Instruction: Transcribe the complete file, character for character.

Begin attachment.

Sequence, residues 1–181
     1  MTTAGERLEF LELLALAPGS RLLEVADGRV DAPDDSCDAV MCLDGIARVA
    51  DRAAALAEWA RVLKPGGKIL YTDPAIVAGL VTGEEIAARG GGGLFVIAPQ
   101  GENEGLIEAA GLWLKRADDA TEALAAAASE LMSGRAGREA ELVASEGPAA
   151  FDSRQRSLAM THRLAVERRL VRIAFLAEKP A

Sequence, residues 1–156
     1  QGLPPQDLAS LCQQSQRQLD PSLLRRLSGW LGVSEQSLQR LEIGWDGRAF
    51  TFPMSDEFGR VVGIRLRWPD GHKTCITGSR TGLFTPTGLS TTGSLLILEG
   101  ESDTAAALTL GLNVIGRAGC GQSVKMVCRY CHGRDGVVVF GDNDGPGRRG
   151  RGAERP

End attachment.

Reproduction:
Sequence, residues 1–181
     1  MTTAGERLEF LELLALAPGS RLLEVADGRV DAPDDSCDAV MCLDGIARVA
    51  DRAAALAEWA RVLKPGGKIL YTDPAIVAGL VTGEEIAARG GGGLFVIAPQ
   101  GENEGLIEAA GLWLKRADDA TEALAAAASE LMSGRAGREA ELVASEGPAA
   151  FDSRQRSLAM THRLAVERRL VRIAFLAEKP A

Sequence, residues 1–156
     1  QGLPPQDLAS LCQQSQRQLD PSLLRRLSGW LGVSEQSLQR LEIGWDGRAF
    51  TFPMSDEFGR VVGIRLRWPD GHKTCITGSR TGLFTPTGLS TTGSLLILEG
   101  ESDTAAALTL GLNVIGRAGC GQSVKMVCRY CHGRDGVVVF GDNDGPGRRG
   151  RGAERP